HM:To clarify something: I pay no attention to anything Lucas says. I don't know if the man is an outright liar or if he simply can't remember things from one interview to the next, but there's never been any coherence to his explanations of his universe, and he actually seems rather bored when you see him discussing it. So I tend to be a textualist about the films. I really don't care what Lucas intends (or I care only a small amount).
The fact is, viewed as a text distinct from any avowed authorial intentions, these movies make exactly the point that you want them to make. Elitism is bad and leads to suffering; real heroism is about working to make sure that the right things happen. Any other interpretation turns the films into a jumble of mush without real meaning, whereas this interpetation is consistent with everything that happens in the six-movie arc.
I'm sure you as an author have had the experience of writing a story, and returning to it later to find that it means something different, or something more, than you originally intended. I think you'll find that the Star Wars films exhibit a surprising internal consistency if you view them while making the same assumption about Lucas.
My only comment about Yoda is that this is a guy who has direct sensory evidence that his religion is true. So it's difficult for us as empricists to get inside his head. But I think that his actions make a lot more sense if you keep in mind that there is no distinction between physics and metaphysics in his experience.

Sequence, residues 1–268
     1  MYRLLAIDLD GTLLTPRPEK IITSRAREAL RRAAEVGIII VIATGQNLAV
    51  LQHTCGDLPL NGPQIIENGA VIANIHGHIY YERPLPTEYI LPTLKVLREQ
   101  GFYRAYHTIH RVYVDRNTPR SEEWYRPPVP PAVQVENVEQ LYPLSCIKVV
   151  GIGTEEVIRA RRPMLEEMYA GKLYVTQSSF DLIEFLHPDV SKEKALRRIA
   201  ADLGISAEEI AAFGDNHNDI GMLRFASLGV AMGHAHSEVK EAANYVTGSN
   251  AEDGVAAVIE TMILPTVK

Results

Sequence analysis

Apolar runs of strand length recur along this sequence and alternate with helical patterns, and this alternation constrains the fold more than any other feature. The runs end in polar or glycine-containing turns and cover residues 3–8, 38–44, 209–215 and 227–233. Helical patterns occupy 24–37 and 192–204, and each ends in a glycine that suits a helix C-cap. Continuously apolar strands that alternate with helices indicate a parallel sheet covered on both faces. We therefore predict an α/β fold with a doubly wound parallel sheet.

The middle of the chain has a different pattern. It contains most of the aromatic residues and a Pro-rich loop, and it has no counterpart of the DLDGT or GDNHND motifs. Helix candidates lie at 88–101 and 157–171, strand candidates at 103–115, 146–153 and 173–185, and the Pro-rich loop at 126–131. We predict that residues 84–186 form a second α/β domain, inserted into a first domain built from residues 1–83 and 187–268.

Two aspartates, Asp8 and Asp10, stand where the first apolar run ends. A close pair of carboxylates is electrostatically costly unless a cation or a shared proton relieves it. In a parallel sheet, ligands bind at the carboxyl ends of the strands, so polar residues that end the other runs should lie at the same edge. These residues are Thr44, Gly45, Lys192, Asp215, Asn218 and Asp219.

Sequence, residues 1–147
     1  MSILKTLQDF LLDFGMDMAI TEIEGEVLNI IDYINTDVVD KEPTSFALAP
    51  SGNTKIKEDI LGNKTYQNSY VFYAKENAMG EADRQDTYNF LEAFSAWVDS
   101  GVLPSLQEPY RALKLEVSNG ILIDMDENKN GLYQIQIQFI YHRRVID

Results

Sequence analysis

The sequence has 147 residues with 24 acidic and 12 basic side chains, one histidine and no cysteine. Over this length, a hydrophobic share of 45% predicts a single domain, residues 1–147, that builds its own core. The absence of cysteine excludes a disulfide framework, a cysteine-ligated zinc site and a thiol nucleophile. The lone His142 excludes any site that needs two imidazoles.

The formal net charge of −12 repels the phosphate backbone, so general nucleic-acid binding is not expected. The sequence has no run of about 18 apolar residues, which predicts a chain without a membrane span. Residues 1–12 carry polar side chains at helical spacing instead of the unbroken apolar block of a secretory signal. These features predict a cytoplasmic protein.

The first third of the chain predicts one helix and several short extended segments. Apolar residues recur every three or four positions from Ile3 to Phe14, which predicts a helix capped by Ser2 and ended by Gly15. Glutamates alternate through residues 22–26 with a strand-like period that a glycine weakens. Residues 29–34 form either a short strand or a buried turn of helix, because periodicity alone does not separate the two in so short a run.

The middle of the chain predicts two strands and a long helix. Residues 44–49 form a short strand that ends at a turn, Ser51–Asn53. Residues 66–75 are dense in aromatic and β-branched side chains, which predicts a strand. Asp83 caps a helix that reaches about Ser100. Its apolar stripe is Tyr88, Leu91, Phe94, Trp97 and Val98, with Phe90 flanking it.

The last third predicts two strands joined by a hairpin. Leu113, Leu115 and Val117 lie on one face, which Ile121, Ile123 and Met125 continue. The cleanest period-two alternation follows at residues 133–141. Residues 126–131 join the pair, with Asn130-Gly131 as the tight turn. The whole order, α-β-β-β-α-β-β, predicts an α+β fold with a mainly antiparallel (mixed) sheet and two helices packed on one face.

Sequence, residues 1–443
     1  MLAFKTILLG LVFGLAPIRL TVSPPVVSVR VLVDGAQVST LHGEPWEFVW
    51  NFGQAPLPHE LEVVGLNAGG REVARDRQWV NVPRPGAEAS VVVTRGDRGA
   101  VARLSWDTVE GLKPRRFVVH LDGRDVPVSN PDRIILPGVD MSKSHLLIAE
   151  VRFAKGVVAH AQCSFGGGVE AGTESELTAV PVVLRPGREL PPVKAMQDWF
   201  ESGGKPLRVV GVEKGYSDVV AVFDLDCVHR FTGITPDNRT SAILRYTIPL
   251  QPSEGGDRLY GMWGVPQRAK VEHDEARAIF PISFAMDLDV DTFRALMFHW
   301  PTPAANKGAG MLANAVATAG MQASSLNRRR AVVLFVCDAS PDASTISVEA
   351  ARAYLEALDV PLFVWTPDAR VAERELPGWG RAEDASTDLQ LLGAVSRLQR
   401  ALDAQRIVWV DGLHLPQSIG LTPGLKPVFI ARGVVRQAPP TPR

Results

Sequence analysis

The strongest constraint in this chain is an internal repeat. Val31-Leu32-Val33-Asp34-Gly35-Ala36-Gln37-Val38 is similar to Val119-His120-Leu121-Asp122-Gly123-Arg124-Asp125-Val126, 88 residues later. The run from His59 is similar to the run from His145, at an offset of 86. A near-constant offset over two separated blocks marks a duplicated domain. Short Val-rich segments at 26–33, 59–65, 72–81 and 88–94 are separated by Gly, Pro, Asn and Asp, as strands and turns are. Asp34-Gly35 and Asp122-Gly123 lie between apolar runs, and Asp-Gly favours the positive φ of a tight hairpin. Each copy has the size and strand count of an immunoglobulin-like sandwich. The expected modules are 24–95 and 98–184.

Happy New Year!
p.s. As I'm sure you're quite busy, feel free to break this discussion off at any time you feel other matters better deserve your attention.
DB: Thanks. good stuff. But even if we toss out authorial intent, you ignore several other levels. e.g. the LESSONS that millions take away. At most 0.0001% notice that Lando and the wookie are the only ones who matter.
At best that number notice that Yoda is a nasty, lying fool... or much, much worse (see the new book when it comes out.)
No, if I can increase the fraction who notice - and discuss - this stuff to .o1%, my carping will have mattered.
good luck & thrive db
HM:I don’t know . . . every Star Wars fan I know recognizes the importance of not just Lando and Chewbacca, but Wedge Antilles as well.
I really can’t buy into the notion that most people would watch Return of the Jedi, see Chewbacca and Han bring the shield generator down, see Lando and Wedge blow up the Death Star, see Lucas emphasize their role by showing them reuniting and embracing during the Endor celebration, and then conclude that the actions of ordinary people make no difference.